The Act allows athletes to hire agents to represent them in contracts with third parties to use the athletes’ likenesses in different ways, as well as allow the third parties to compensate the athletes in turn.[6] However, the Act restricts schools from compensating the players when they use the athletes’ likenesses themselves.[7] Additionally, athletes cannot enter into contracts if those contracts conflict with the terms of contracts entered into by the teams for which they play.[8]

To this point, the prospect of amateurism as a procompetitive factor in college sports has allowed the NCAA to refuse cash compensation for name, image, and likeness under the Sherman Antitrust Act, as evidenced by O’Bannon.[9] In O’Bannon, the Ninth Circuit Court of Appeals noted that the NCAA’s rules on player compensation are subject to the Sherman Antitrust Act and should receive the scrutiny classified as the “Rule of Reason.”[10] In the Rule of Reason analysis, the court addresses whether a restriction on trade is procompetitive, and if it is procompetitive, whether there is another way to promote the goal of the restriction in a less restrictive way.[11] In the O’Bannon case, the court found that the NCAA’s restriction on cash payments from schools to athletes for their name, image, or likeness beyond grants for educational expenses of the athlete failed the Rule of Reason analysis.[12] In its reasoning, the court noted the restriction promoted two procompetitive purposes: “preserving the popularity of the NCAA’s product by promoting its current understanding of amateurism” and “integrating academics and athletics.”[13] The court held that third parties, specifically EA Sports, which for years had made video games based on college athletics, could not use the athletes’ likeness without compensating them.[14]

In the court’s reasoning, however, the court mainly addressed the procompetitive factor of “preserving the popularity of the NCAA’s product by promoting its current understanding of amateurism” and did not really address the issue of “integrating academics and athletics.”[15] The court failed to address the fact that the NCAA already has in place certain eligibility requirements that require athletes to take certain kinds of classes during their tenure in school, as well as a GPA requirement that all athletes have to meet.[16] Whether or not players are compensated appears to have no bearing on the athletes’ integration into their college’s academics in any way. Where students are required to still maintain a certain level of academic achievement, an allowance for compensation would be a less restrictive alternative to restricting compensation for athletes while still maintaining the procompetitive factor of integrating athletics to academics. Therefore, allowing compensation for athletes would pass the Rule of Reason under the third prong. So, the only procompetitive factor that could be restricted would be restricting the popularity of the NCAA’s product.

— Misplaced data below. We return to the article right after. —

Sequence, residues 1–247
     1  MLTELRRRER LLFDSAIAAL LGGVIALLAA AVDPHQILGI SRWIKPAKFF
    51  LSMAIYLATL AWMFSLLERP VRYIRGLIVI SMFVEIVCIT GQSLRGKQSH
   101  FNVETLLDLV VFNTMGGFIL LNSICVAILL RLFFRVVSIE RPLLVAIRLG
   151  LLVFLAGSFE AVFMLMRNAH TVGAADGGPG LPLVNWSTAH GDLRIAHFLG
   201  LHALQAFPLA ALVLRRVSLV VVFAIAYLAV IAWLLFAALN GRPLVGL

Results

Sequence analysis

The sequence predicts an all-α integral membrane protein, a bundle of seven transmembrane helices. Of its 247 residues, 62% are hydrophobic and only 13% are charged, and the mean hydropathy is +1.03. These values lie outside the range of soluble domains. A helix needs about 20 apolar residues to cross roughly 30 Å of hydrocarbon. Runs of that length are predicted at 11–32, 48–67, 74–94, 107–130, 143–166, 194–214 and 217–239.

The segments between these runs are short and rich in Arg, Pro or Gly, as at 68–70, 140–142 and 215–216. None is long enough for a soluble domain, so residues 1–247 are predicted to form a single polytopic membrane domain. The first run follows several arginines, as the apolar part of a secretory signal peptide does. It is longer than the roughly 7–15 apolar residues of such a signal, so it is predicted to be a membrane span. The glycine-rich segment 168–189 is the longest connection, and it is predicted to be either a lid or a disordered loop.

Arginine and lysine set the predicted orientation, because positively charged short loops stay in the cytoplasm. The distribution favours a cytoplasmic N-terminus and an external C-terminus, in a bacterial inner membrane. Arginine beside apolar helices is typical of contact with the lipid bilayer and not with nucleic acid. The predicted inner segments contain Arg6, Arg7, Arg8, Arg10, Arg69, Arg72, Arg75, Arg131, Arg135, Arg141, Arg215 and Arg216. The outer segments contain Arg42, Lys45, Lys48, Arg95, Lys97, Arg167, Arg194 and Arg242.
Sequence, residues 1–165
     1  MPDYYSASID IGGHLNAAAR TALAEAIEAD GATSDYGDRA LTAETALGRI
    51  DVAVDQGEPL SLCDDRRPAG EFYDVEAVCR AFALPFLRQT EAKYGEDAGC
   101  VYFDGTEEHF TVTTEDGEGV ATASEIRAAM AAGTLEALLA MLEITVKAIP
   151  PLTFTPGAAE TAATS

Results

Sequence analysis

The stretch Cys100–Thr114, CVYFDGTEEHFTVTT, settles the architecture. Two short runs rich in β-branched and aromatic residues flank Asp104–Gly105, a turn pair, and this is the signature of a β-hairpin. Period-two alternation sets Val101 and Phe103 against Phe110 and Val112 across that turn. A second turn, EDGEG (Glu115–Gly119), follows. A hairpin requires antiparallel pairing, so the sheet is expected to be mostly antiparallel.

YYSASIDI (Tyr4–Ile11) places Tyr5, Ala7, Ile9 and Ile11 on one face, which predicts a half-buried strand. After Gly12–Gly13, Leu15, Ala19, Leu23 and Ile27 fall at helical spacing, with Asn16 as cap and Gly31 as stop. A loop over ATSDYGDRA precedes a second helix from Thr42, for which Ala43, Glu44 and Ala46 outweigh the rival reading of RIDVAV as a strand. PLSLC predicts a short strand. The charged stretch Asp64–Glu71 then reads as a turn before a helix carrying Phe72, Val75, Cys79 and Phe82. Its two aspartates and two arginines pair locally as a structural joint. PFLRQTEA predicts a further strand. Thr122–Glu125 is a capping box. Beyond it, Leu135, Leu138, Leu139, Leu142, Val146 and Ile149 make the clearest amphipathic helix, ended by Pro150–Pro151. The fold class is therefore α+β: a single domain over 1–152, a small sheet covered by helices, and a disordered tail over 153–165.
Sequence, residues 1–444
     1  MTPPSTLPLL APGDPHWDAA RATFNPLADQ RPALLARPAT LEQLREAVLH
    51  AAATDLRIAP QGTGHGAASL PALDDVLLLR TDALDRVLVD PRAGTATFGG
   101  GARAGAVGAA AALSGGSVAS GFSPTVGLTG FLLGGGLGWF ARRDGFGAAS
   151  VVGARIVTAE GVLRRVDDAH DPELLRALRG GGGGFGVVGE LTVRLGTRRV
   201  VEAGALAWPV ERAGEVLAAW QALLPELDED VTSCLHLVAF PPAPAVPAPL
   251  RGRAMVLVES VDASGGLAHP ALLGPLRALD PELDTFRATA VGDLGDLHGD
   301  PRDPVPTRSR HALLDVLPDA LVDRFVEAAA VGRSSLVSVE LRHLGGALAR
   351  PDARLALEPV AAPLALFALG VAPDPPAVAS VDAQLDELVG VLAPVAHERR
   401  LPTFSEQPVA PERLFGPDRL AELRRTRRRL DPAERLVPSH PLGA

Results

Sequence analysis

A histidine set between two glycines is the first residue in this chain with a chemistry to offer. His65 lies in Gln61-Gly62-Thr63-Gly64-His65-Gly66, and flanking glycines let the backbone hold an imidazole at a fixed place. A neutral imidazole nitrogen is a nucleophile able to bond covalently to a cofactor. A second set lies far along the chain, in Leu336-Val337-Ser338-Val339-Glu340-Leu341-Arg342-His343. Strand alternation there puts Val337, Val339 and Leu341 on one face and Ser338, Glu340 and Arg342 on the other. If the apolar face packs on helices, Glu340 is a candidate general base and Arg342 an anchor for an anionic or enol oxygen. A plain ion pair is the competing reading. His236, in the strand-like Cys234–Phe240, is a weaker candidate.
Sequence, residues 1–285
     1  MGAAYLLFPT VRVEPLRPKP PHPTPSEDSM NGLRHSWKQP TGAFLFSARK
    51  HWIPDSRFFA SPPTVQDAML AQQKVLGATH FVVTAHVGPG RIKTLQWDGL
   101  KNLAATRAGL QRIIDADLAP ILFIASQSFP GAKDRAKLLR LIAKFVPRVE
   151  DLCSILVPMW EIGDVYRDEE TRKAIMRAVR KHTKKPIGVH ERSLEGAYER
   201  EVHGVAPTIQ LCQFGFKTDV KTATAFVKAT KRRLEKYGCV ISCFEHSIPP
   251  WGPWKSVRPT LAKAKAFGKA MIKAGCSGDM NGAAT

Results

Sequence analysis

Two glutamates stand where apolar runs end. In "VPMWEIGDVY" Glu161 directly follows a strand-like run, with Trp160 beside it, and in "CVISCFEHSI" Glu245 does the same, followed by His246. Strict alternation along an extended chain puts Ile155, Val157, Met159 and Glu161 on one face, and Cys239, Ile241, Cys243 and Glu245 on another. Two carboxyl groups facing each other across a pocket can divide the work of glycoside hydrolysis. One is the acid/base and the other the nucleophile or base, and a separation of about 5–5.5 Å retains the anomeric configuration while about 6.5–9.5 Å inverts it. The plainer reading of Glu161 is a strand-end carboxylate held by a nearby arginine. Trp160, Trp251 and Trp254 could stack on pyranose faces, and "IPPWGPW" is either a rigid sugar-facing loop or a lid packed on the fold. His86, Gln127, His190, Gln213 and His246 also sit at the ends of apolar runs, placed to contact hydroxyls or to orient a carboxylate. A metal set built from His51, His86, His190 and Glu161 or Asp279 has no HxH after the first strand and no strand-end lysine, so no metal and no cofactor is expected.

When analyzing the restriction on the popularity of the NCAA’s product, the court in O’Bannon only focused on recruitment of players and payments to the players by the colleges themselves.[17] As noted above, the court held that colleges could not compensate athletes for their likenesses because it would hinder the popularity of the NCAA’s product.[18] Similar to this holding, the Act prohibited the ability of schools to pay their athletes for their likenesses.[19] So, that requirement would actually be consistent with O’Bannon. Looking at the allowance for athletes to hire agents, there is no reason why this would restrict the popularity of the sport. Applying the Rule of Reason analysis, allowing players to hire agents would not be more restrictive on the popularity of the NCAA’s product than would allowing players to earn compensation from third parties. If mandating that third parties must pay collegiate athletes for their likeness is not restrictive on this procompetitive aspect by O’Bannon, certainly allowing the athletes to hire agents to ensure they are fairly represented in a contract would meet the same standard under the Rule of Reason. So, naturally, allowing the athletes to hire agents would pass the Rule of Reason analysis and the NCAA would not be able to prevent students from being able to hire agents.

Additionally, if the court already held in O’Bannon that third parties are required to compensate the athletes[20], the requirement in the Fair Pay to Play Act that prevents the NCAA from implementing a rule prohibiting the athletes’ ability to profit off of their likeness is consistent with the holding in O’Bannon. Therefore, it appears that the allowances for athletes in the Fair Pay to Play Act are consistent with the court’s holding in O’Bannon.

In conclusion, it appears that the Fair Pay to Play Act’s grant of rights to athletes are consistent with the holding in O’Bannon, and any restriction beyond the Fair Pay to Play Act by the NCAA would be inconsistent with the ruling in O’Bannon.

[1] Board of Governors Starts Process to Enhance Name, Image and Likeness Opportunities, NCAA (Oct. 29, 2019, 1:08 PM), http://www.ncaa.org/about/resources/media-center/news/board-governors-starts-process-enhance-name-image-and-likeness-opportunities.

[2] Id.

[3] Allen Kim, California Just Passed a Law That Allows College Athletes to Get Paid, CNN (Sep. 29, 2019, 4:01 PM), https://www.cnn.com/2019/09/30/sport/california-sb-206-ncaa-trnd/index.html

[4] Michael McCann, What’s Next After California Signs Game Changer Fair Pay to Play Act into Law?, Sports Illustrated (Sep. 30, 2019), https://www.si.com/college/2019/09/30/fair-pay-to-play-act-law-ncaa-california-pac-12

[5] O’Bannon v. Nat’l Collegiate Athletic Ass’n, 802 F.3d 1049, 1058 (9th Cir. 2015).

[6] Fair Pay to Play Act, S.B. 206, 2019 Cal. State Senate (Cal. 2019).

[7] Id.

[8] Id.

[9] O’Bannon, 802 F.3d at 1079.

[10] Id.

[11] Id. at 1070.

[12] Id. at 1079.

[13] Id. at 1076.

[14] Id. at 1067.

[15] Id. at 1076.

[16] Id.; Amateurism, NCAA (last visited Nov. 4, 2019), http://www.ncaa.org/student-athletes/future/amateurism

[17] O’Bannon, 802 F.3d at 1076.

[18] Id.

[19] Cal. S.B. 206.

[20] O’Bannon, 802 F.3d at 1067.